For better or worse, Excel is still the number one tool for planning

A recent survey by BARC Research (The Planning Survey, March 2014) found that Excel remains the most widely used planning tool.  When asked “Which solutions do you use for planning and budgeting in your company?”, a whopping 86% of respondents chose Excel.


Excel report example


Now this doesn’t mean all 86% are solely using Excel but they are using it in some way in the budgeting process. This survey reinforces what we see when talking to companies about budgeting.  In broad strokes, there are 3 different uses of Excel:

1) Excel as primary tool for Budgeting and Planning. While the number of companies using it as the primary tool is decreasing, it is still (unfortunately) a very popular tool for planning.  It does not come without its problems.  Data inconsistencies, difficult to consolidate, linking data from various sheets and sources, version control and lack of audit trail to name just a few.


2) Excel used to integrate data between systems. Many companies are using a specialized tool for planning but it is often stand alone and needs to integrate with other systems to support the full process.  In this survey over half of the respondents said it was Important or Very Important to integrate their planning with other performance management processes, such as strategy management and financial consolidation. However when asked what processes are integrated, over 60% said they aren’t or they integrate using Excel.  While the planning process itself is streamlined, the use of Excel as a point of integration has similar issues as when it is the primary tool, with the added complexity of ensuring data is in the right format to receive and send to other systems.  Excel was certainly not designed to be an integration tool.

3) Excel is used to augment the specialized planning system. Even with a specialized, purchased system, companies often find themselves using Excel to augment the process.  Spreadsheets are created to handle the more ‘complex’ calculations, or scenario planning. They are also used by users to track the detail behind the budget they submit. Why? What did you pay for? Many of the specialized systems in the market are too rigid or lack the functionality needed to support the full planning process so the “nuts and bolts” of the budget are still done off-line in Excel.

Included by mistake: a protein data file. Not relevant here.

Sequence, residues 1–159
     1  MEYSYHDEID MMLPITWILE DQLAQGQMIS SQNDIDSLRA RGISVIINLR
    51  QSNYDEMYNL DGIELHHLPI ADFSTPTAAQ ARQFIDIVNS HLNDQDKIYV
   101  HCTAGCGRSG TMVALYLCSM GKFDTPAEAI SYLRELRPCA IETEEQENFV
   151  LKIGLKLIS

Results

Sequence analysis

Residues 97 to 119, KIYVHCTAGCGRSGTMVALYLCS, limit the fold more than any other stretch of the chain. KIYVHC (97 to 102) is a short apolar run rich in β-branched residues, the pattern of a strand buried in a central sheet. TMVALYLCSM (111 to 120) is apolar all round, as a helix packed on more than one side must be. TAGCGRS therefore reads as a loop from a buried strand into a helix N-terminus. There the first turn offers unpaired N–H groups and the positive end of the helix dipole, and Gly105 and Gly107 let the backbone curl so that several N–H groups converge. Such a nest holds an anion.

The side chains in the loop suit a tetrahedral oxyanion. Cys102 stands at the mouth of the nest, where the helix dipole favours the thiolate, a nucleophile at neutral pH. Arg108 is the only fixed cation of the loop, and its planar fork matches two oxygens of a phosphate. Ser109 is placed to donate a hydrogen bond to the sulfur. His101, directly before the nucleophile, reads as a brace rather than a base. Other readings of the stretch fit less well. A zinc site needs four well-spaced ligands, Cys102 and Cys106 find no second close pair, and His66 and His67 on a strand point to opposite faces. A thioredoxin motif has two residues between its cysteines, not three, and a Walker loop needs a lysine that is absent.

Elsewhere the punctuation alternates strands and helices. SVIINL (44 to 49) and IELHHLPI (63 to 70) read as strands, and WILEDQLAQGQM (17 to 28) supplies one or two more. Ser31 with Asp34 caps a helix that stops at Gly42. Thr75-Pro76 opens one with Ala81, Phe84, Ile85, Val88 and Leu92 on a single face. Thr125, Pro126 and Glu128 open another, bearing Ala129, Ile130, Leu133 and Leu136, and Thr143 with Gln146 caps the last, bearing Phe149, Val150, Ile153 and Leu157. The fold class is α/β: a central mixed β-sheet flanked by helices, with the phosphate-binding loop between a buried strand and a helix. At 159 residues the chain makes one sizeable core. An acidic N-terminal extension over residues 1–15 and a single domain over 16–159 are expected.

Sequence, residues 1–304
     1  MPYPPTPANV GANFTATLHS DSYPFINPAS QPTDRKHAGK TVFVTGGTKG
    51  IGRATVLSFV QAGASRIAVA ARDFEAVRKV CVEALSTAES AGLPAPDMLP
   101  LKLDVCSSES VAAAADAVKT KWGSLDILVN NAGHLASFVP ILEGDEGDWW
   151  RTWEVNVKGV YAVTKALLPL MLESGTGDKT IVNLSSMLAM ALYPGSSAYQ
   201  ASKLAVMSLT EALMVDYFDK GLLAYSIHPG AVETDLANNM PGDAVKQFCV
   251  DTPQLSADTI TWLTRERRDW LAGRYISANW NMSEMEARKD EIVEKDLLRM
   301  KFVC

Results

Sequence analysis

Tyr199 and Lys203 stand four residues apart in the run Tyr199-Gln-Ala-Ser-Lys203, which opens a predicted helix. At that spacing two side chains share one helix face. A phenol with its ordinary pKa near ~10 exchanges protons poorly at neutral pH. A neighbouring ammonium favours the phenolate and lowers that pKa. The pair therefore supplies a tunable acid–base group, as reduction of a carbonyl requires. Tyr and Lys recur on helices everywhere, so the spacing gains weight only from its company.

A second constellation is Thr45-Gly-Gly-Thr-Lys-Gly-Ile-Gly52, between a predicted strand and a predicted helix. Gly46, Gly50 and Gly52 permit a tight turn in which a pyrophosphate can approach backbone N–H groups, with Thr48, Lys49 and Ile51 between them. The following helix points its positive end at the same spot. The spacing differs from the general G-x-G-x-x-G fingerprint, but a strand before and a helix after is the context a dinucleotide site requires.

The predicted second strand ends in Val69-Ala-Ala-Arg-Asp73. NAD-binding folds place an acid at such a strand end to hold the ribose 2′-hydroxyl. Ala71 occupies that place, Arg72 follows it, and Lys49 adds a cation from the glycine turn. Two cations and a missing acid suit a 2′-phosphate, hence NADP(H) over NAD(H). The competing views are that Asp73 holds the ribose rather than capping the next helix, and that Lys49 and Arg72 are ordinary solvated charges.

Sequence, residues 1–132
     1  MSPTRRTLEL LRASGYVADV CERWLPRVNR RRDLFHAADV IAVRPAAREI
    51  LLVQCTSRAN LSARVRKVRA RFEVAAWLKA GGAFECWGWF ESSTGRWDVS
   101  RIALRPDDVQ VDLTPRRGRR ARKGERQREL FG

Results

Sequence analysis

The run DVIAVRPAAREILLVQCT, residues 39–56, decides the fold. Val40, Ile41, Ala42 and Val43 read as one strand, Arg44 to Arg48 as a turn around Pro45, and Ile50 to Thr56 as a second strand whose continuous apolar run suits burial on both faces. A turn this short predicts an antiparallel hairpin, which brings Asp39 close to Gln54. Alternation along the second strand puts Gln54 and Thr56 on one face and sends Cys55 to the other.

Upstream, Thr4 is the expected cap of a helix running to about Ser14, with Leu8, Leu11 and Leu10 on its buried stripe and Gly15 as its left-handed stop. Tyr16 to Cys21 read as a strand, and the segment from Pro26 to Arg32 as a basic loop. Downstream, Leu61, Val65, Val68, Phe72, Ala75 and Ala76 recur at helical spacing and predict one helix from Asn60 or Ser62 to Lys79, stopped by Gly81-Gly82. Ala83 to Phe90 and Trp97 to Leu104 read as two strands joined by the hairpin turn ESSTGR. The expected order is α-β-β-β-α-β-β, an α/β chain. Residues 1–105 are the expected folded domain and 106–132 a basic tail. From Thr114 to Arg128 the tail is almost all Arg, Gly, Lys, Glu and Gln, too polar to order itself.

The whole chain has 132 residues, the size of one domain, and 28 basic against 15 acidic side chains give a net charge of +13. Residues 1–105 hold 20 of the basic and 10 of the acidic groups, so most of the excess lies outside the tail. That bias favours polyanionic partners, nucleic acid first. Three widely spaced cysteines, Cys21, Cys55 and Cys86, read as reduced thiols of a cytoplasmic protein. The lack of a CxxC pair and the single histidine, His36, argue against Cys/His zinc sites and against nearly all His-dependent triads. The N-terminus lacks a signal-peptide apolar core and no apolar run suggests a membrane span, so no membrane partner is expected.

Best use of Excel

It is understandable, and even desirable, to have an Excel front-end as part of your budget and planning solution. It lowers the learning curve significantly and encourages user participation. The key is that it should be just that - a front-end. The specialized solution you pick should take advantage of Excel’s strengths but not be dependant on it.  It should provide the functionality you need to do ‘complex’ planning that involves advanced allocations, scenario planning, cash-flow planning, and product profitability analysis at the database level so that you don’t have to build this into Excel. It should also give the end-user the ability to add the details they need to support the budget they submit.  All the data in one platform.


Integration - not for Excel

The other element clear in the survey, and honestly in the market, is the need for an integrated platform. Companies in this survey say an integrated platform is very important to accurately support the planning process. Strategic, operational, workforce, and capital plans are interconnected and should be done in one system.  It is time for companies to stop talking the talk and start walking the walk.  Use Excel but only for what it was originally intended.  And dig deep during your software selection process to be sure the product your choice meets your requirements today and where you need to be tomorrow.  

There is a difference between a solution that says it is adaptive, and one that is designed to adapt to the changing and expanding needs of the finance organization.   When it comes to planning you need to think outside the box because “the box” is constanly changing and you need a planning solution that will adapt and expand to whatever your the future holds for your planning process.

What are your thoughts?  How are you using Excel in your planning process?


Tagetik unified budgeting, planning and forecasting

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